This night of power is better than a thousand months. Fitra is a charity peculiar to Ramazan. A unique characteristic of fasting is that it is a very personal act unlike the other obligatory duties like Salat, payment of Zakat and performing of Hajj that are accompanied by some outward performance. No one else really knows whether you are observing fast except you and the One for Whom the fast is being kept. During the month of Ramazan a culture of purity prevails. It touches every Muslim and turns him towards piety, so that even those who do not offer prayers at other time during the year, offer congregational prayers during this month. Before the end of the month all Muslims must pay Zakat to the poor at a rate of 2.5 per cent of their total income for the year. Whoever has the capacity but does not pay Zakat will have his fasting useless.







During the past few decades, Pakistan has seen a number of education policies. All these policies were launched with lofty objectives, ambitions, goals and priors pledges. There is nothing unusual in this exercise as every time an education policy is unfolded, the same five phrases are used by the government or education commission. So far, so good, but what makes the common man cynical is the abysmal failure of each policy, launched earlier with tall promises. And in this context the general feeling is that failure of each policy is mainly due to the lack of commitment at the top. We hope and pray that this time, the old story will not be repeated and the new policy will not end up in fiasco, as it has been happening with previous policies.

With regard to the recently launched education policy, it is a happy sign that it promises a handsome rise by 2015 in the budgetary allocation for the impoverished education sector to 7% of the GDP. In case the target is achieved, it will be a befitting occasion to celebrate, as in the past even allocation of 4% has not materialized. Incidentally, the PPPs own previous government was not able to deliver on this pledge. Keeping in view the existing norms of governance, one is not sure if the incumbent hierarchy will be able to display extraordinary commitment, firmness of will and honesty of purpose, which are exclusive arbiters of success. Also, one is not sure if the existing hierarchy would succeed in drawing madrasses into the mainstream.

Likewise, it is extremely doubtful if the plan to induct qualified Bas and MAs in school teaching, will meet with success. With the kind of meager pay that is offered to new inductees, it is really unimaginable if talented graduates and post graduates would offer their services for the teaching jobs is state-run schools. The issue of teacher-training institutions would also warrant great attention. Presently, it appears these institutions are not in a position to produce trained teachers in required number and of required standard.


It will not be amiss to mention here that the new policy has instituted a forum of federal and provincial education ministers for removing stumbling blocks in its implementation. However, as things stand, this forum will, at best, tackle big issues of policy, finance and administration. And for the system of day-to-day running, it is the traditional institution of inspectorate, which alone will be able to deliver effectively. We feel that the new policy should have given the institute of Inspectorate high primary in the new scheme of things, but unluckily it has not. So amendments must be made now and inspectorates must be revised to enable schools function smoothly. However, all told, much will depend on how best the new education policy is executed.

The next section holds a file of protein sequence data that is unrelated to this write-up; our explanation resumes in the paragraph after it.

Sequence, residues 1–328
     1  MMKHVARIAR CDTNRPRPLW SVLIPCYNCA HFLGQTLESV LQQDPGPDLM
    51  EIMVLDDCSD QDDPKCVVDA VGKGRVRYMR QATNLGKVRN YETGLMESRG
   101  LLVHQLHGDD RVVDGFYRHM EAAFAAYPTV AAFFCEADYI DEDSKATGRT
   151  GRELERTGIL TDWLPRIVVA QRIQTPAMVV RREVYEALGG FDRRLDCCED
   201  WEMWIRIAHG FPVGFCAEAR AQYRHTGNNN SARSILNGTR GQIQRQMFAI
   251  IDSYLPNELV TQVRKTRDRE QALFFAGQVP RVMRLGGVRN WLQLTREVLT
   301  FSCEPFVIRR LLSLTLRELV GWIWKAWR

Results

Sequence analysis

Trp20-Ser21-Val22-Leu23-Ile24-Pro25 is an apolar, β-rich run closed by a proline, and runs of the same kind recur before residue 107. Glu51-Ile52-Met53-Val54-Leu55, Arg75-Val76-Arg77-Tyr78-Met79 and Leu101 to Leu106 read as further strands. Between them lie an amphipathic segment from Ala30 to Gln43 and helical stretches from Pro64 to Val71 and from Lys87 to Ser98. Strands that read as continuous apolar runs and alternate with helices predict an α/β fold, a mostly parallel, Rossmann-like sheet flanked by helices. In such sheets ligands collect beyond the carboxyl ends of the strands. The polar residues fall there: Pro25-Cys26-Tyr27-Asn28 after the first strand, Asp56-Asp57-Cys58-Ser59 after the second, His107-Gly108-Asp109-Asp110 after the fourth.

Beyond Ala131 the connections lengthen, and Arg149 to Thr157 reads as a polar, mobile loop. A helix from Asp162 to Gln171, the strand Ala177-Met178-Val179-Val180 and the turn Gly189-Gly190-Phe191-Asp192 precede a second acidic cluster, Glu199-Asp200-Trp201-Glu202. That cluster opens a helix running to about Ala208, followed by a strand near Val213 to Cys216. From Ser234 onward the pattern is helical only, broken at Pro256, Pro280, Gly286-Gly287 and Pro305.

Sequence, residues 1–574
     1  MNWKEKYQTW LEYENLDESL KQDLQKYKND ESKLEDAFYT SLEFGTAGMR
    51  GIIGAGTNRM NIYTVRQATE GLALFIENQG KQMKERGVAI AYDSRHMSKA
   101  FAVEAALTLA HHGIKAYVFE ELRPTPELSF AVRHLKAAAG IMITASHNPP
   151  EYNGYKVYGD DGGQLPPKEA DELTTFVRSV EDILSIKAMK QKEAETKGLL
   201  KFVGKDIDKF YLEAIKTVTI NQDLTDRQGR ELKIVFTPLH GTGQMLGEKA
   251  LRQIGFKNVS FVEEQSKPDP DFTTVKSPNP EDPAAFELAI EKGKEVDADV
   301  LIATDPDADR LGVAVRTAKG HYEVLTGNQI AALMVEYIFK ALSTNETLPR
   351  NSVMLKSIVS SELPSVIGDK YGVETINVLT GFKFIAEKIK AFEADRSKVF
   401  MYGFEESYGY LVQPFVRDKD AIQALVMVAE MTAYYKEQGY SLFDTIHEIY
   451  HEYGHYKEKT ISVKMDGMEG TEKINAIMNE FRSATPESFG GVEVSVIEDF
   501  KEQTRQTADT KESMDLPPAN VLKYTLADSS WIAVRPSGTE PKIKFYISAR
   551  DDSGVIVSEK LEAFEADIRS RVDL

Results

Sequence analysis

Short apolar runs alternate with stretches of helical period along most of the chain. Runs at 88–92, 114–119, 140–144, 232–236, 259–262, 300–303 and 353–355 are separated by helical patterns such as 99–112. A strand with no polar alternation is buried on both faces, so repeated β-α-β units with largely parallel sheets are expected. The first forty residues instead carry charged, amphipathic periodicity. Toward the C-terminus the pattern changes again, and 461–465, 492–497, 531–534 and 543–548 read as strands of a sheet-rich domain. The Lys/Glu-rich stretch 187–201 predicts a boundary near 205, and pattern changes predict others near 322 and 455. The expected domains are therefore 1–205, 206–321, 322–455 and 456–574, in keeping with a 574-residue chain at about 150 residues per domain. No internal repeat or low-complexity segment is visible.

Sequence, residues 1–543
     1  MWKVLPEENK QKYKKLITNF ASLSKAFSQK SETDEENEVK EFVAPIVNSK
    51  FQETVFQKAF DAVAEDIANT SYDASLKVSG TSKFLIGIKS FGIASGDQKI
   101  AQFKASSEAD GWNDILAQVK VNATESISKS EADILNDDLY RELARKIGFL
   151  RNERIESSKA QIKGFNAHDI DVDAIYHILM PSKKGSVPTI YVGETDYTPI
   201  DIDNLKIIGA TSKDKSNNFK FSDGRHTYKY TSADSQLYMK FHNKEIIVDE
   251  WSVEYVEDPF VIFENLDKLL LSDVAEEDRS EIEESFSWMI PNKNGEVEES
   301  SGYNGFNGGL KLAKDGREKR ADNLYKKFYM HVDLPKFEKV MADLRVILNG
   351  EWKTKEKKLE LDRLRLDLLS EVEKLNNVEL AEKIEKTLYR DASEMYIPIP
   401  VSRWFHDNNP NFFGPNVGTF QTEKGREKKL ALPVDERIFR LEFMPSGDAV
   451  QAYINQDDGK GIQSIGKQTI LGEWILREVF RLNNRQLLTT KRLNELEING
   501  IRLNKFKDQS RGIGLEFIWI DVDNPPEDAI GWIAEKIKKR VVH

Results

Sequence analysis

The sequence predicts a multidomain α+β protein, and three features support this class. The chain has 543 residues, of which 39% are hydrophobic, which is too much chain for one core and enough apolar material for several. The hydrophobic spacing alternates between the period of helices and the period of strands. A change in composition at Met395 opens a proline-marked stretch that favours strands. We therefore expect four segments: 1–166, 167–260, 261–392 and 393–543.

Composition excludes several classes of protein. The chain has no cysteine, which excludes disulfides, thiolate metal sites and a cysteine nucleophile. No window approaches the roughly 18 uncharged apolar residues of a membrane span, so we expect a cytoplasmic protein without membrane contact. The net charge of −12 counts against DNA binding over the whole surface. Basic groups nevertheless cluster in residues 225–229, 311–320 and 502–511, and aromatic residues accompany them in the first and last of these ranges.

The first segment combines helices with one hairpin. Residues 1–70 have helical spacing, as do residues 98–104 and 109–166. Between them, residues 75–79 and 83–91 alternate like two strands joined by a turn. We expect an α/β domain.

On the face of it, the new policy presents a rosy picture as it promises free education upto matric, substantial increase in education budget during the next few years, enhancing enrolment, upgrading qualifications of primary and secondary teachers and overhauling of the examination system etc.

While the newly launched education policy is generally hailed in the country, a number of educationists, who were part of the reform process, are not pleased, as a number of their suggestions have not been included. It appears that the policy makers had decided to adopt the political approach and accordingly, they had worked out the draft in a way that would satisfy the government functionaries rather than the professionals. We, however feel that this policy can still be revised if it is placed before the expert committee for an honest debate to elicit public opinion. Currently, it has correctly identified most of the ills that beset this sector inaccessibility, disparity, quality and so on. But it is a pity that it failed to find the right solution. Political expediency seems to have gained an upper hand.

In the new envisaged policy, upgrading primary schools to middle level and transplanting classes XI and XII from colleges to high school is a bold and innovative step but in view of existing ground realities, the experiment will entail a lot of spending. No doubt, increase of upto 7% of GDP will take care of it. Yet, it is difficult to ignore the status quo in the four provinces. Presently, conditions in rural Sindh are extremely deplorable and the cities in Sindh have schools, which will have to be built afresh. Punjab is comparatively better but most of its schools are in the last stage of disrepairs. With regard to Balochistan, less said, the better. It is yet to enter the education age.

In NWFP, it appears that people have suffered so heavily due to political turmoil, that their focus on education has changed its course. Viewing things from another angle, we see that the biggest flaw in the primary education system is that it is unwilling to allow girls to be educated. Female literacy in Pakistan is shocking. The New Policy too, does not talk much of the problem but the truth is that Pakistan will not reap incalculable dividends of civilization, so long as half the population is deprived of educational facilities.